Wednesday, Nov. 29, 2023 |
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• Death Alley?
•Prioritize completing the multi-use path
• Dream kitchen a reality
• Scroll down the page
• Be aware of swimmers
Picture this. You’re driving from Kapa‘a to Lihu‘e past the Wailua bridge and the ditch that was once used for the sugarcane is covered with dirt, paved and is now another driving lane — with a fourth lane added to make a straight lane along the Wailua Golf Course to the airport.
A four-lane road with an island or a cement road divider in the center just in case there is an accident. Again, who is going to die?
Why make a road to the north as DOT plans? C’mon this is something we all should think about. Leaders of Kaua‘i? We’re talking about saving lives here. How can we take care of this problem?
It won’t go away if we don’t do anything.
Linda Wara, Lihu‘e
Prioritize completing the multi-use path
It is transportation, like it or not, Mr. Baseball.
The bike path provides a means of transportation and a very important protection to keep the beaches public for eternity. Personally I’ll never use it as I have difficulty walking, but do give it my vote to complete around the entire island.
A high priority for completion is a must for the generations to come. They’ll thank you for good planning and stewardship of our ‘aina.
Chuck Armstrong, Kapa‘a
Mr. Rosen has come up with an irrational explanation of vegans just because he saw one vegan eat meat (“A good piece of meat,” Letters, July 19).
Comparing vegans to politicians is ridiculous. Telling us that vegans enjoy meat is absurd. Vegetarians and vegans are people who care enough for their own physical health and the health of the planet.
Above all, most vegans love animals and do not want acts of violence committed against them. Killing and eating them is obviously violence.
Mr. Rosen obviously has either not thought of the environment or just has disregarded the truths about the meat industry and pollution. Or, maybe, he’s guilty for eating meat and is looking for “Aha, I caught you!” moments to feel good.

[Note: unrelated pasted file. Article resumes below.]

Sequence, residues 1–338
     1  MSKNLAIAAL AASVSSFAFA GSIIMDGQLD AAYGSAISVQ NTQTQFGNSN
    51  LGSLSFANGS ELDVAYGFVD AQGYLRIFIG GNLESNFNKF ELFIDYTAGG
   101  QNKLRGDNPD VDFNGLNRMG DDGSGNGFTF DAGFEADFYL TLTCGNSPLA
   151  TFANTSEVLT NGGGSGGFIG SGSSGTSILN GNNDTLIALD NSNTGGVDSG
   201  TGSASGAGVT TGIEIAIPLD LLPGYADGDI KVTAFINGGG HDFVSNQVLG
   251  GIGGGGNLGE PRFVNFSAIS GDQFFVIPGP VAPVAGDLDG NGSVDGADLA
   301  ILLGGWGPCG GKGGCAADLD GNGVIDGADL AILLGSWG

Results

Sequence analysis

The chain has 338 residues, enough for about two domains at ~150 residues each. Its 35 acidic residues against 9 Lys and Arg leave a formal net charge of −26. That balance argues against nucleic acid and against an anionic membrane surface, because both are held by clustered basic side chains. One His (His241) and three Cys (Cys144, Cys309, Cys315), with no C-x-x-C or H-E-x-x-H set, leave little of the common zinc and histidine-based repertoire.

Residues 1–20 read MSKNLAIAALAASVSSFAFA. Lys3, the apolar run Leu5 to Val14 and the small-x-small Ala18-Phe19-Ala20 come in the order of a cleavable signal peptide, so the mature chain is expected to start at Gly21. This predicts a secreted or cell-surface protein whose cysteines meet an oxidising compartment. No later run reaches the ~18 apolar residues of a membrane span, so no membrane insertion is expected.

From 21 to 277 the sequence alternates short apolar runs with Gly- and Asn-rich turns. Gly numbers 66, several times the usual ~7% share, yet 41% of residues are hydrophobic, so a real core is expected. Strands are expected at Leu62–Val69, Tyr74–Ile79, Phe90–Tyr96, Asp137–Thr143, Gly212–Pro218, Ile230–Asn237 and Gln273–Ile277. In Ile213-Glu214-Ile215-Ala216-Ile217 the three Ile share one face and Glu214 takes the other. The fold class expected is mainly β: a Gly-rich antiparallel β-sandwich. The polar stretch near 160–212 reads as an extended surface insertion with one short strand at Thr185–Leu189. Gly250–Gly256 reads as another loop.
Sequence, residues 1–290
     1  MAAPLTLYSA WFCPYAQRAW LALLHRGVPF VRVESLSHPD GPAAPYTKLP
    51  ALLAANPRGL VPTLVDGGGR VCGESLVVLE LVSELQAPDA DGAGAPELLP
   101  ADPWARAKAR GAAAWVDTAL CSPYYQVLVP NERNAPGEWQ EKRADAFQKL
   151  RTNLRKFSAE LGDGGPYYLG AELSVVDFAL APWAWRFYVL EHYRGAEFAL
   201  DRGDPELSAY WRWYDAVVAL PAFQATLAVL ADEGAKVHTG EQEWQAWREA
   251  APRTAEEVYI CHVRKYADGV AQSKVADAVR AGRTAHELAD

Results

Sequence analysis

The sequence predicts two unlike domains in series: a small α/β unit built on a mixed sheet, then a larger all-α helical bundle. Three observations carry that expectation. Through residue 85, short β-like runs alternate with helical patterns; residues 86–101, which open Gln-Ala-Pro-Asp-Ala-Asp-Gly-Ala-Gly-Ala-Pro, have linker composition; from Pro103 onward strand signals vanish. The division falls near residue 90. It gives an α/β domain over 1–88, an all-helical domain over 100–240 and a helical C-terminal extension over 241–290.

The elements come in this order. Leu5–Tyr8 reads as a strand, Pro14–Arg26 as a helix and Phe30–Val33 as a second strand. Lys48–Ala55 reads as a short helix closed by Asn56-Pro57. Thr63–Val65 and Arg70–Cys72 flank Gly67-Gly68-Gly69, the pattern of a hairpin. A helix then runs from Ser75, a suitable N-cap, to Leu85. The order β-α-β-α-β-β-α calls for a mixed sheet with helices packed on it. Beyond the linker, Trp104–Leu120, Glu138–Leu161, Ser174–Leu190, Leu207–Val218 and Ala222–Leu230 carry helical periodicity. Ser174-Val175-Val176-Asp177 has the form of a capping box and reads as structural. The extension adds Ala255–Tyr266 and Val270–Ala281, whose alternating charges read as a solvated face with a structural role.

Vi Herbert, Kilauea
Dream kitchen a reality
I’d like to thank some amazing people of Kaua‘i who recently helped me remodel my 30-year-old house in Lawa‘i.
A special thanks to my sister, Jean, who funded the entire project. Larry Duff of Kalaheo graciously donated his time and expertise to drywall the play area for my daycare children. He was so fast and efficient, and the room looks great!
I was very fortunate to find the most incredible contractor, Brent Godbehere, who totally transformed my kitchen in only six weeks. He proved to be honest, punctual, reliable and completely professional in every way.
Estenzo Plumbing assisted, as did Ray Pigott, my electrician, another totally dedicated professional who made sure everything worked perfectly.
Ben Parbo did all the painting which looks fabulous. Wendy Souza of The Home Depot spent hours working on my kitchen design to assure me that I had everything just right.
I would highly recommend any of these hard working individuals who were so caring, considerate and thoughtful in making sure I got the kitchen of my dreams. Mahalo to you all.
Janet Vegas, Lawa‘i
Scroll down the page
Mr. Mickens’ latest letter (“Where is our leadership?” Letters, July 15) declares the bike path illegal after citing Title 23 USC 217 (i).
Mr. Mickens needs to scroll down the page a little. When he does, he will realize that Title 23 USC 217 has been amended. The amendments bring the act into concordance with the Transportation Enhancement Program of the 1991 Intermodal Surface Transportation Efficiency Act. The amendments effectively annihilate section (i) cited by Mr. Mickens.
Besides, the Secretary of Transportation approved the bike path and its funding years ago; therefore, making it legal under the laws governing the Department of Transportation and trumping Mr. Micken’s opinion.
We can draw two conclusions as to why Mr. Mickens has been on the losing side of this and nearly every single major controversy of the last 10 years.
First, the general public inherently knows a very good thing when they see it and walk or ride on it.
Second, the general public inherently knows when someone seeks attention primarily to add to their bulging scrapbooks.
Pete Antonson, Kalaheo
Be aware of swimmers
This letter goes out to all boaters who use the beautiful ocean here on Kaua‘i.
On any given day, especially the weekend, there are swimmers who traverse the waters here on the island. We swim from the Hanalei pier to Lumaha‘i, Kalihiwai to Anini, Kaupea (Secrets) around the Moku ae’ ae’ island and down Na Pali Coast.
On a number of occasions we have encountered boats that have come very close to us — especially down Na Pali Coast.
Please be aware that we are in the water sharing it with you. Perhaps we swimmers should have some bright object to indicate we are there.
Thank you, boaters, for your awareness.
Richard Porto, Princeville
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